An old woman sinks back into the arms of her youthful male partner as if she is leaning into her memories of the past. A young woman slithers down the back of a much older man. Together, they make up one married couple. Siân Phillips's Maggie and Sam Cox's Billy look back on their younger selves – Edward Bennett's William and Leanne Rowe's Margaret – feelings heightened by the fact that one of them faces imminent death. Meanwhile, the audience sniffles audibly.
Abi Morgan, now a red-hot film and TV writer with 'The Iron Lady', 'Shame' and 'The Hour' to her credit, hasn't gone back to the theatre in search of autonomy. Rather, she has chosen to collaborate with choreographers Scott Graham and Steven Hoggett from Frantic Assembly as she once did on 'Tiny Dynamite'.
Her new piece mingles past, present and future as the two pairs physically and verbally intertwine, building up a portrait of Billy and Maggie's life together. We watch them struggle with infertility, flirt with infidelity and prepare for the final separation.
Morgan is stingy with her facts. At the beginning of their marriage, Maggie and Billy emigrate to an unnamed part of America, as if the playwright wants to separate them from family and friends. The times are only lightly suggested when, in what must be the '70s, Billy objects to Maggie taking a job in the local library.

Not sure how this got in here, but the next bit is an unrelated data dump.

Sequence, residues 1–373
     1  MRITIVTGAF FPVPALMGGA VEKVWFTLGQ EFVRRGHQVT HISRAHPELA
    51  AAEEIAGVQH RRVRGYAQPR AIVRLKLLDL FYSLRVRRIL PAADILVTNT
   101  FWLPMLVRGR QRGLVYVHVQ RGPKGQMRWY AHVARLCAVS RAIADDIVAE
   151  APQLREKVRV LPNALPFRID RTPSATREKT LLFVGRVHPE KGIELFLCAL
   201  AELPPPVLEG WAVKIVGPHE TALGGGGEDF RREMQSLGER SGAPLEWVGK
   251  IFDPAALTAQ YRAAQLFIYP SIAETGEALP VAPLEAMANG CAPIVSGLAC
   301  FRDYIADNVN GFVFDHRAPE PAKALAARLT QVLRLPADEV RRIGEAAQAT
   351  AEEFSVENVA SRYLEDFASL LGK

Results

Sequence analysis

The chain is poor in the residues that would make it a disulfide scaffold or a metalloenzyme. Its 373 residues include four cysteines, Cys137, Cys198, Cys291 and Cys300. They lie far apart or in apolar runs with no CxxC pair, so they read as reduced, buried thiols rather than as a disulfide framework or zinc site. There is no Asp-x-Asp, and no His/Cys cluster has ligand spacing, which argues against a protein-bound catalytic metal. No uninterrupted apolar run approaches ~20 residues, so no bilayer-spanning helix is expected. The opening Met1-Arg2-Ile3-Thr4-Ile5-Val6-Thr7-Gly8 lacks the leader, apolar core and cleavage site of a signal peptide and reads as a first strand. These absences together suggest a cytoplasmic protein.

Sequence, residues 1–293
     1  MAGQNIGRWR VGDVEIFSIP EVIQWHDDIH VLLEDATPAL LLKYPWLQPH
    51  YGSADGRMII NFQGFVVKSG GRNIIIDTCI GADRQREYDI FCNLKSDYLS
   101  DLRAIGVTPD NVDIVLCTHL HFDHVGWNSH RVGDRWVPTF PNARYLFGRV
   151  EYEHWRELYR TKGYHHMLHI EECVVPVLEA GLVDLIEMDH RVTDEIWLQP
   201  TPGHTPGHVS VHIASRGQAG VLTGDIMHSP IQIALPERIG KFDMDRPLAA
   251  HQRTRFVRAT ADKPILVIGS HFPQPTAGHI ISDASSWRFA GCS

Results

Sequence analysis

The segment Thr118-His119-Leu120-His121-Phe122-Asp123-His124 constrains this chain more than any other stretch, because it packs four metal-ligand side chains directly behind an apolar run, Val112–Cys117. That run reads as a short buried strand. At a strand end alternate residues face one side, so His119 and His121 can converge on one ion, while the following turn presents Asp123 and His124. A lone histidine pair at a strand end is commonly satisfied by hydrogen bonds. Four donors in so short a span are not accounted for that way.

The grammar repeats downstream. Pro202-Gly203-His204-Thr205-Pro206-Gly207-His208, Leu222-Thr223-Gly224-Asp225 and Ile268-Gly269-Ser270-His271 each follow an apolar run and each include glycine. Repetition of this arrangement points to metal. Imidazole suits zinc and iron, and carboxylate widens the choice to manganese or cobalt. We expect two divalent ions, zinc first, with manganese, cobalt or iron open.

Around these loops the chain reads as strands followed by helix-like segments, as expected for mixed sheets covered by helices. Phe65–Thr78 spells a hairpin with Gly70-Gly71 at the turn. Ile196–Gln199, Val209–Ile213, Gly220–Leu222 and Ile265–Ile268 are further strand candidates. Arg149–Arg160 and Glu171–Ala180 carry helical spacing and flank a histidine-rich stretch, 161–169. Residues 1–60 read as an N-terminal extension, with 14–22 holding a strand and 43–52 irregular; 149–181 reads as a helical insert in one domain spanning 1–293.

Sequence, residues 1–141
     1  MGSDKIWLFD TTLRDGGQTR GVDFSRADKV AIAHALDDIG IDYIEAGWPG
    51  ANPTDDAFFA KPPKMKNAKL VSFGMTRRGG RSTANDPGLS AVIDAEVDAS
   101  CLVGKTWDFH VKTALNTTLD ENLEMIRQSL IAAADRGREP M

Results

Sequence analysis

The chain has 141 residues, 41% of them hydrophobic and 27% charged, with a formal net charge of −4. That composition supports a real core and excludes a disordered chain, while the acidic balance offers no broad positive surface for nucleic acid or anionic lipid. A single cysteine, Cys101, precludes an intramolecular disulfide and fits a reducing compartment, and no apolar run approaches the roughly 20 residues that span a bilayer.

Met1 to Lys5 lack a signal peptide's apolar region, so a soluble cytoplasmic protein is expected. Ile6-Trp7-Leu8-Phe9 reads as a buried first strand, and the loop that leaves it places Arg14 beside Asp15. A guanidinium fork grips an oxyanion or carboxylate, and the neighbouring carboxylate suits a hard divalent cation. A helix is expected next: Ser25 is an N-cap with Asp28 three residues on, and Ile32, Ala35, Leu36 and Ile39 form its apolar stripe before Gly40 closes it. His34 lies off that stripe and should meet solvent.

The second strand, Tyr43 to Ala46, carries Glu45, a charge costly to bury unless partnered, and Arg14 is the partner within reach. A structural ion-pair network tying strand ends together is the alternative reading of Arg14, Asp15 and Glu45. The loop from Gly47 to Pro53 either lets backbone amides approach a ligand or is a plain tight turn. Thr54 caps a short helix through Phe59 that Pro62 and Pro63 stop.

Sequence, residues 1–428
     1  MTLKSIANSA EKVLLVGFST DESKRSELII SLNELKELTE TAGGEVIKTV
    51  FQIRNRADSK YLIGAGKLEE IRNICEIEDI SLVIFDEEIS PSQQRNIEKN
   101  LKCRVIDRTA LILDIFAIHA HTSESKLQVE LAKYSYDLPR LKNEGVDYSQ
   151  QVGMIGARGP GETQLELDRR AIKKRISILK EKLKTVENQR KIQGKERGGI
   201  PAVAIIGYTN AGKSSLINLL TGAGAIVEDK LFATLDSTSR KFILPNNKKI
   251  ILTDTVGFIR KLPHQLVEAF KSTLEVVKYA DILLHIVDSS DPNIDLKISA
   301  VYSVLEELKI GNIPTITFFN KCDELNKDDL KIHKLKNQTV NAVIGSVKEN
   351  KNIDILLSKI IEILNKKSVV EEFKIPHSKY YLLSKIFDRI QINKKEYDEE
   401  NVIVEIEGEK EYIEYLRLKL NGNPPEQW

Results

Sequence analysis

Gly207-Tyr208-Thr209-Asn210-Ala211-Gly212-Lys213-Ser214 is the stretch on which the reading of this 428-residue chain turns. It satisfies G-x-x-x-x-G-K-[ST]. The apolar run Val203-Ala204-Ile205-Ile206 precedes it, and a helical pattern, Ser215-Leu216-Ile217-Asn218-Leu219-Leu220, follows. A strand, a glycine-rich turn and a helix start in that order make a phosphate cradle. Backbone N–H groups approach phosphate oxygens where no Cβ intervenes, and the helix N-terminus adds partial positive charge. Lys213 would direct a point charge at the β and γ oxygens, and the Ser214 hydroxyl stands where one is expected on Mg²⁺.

While Morgan struggles to avoid sentimentality, the production, with its musical underscoring and evocative images, is less restrained. The flock of starlings that swoop across the video screens behind have a sinister beauty and become an omen of what is to come.
Apart from the occasional clumsy piece of choreography, Frantic Assembly and Morgan have created a highly emotional, tender piece, in which the intensity is remarkably sustained over 90 minutes. It feels as if one is holding one's breath from the first line to the last. Ageing, memory and the passage of time are powerful themes that affect us all. No wonder it's a case of tissues at the ready.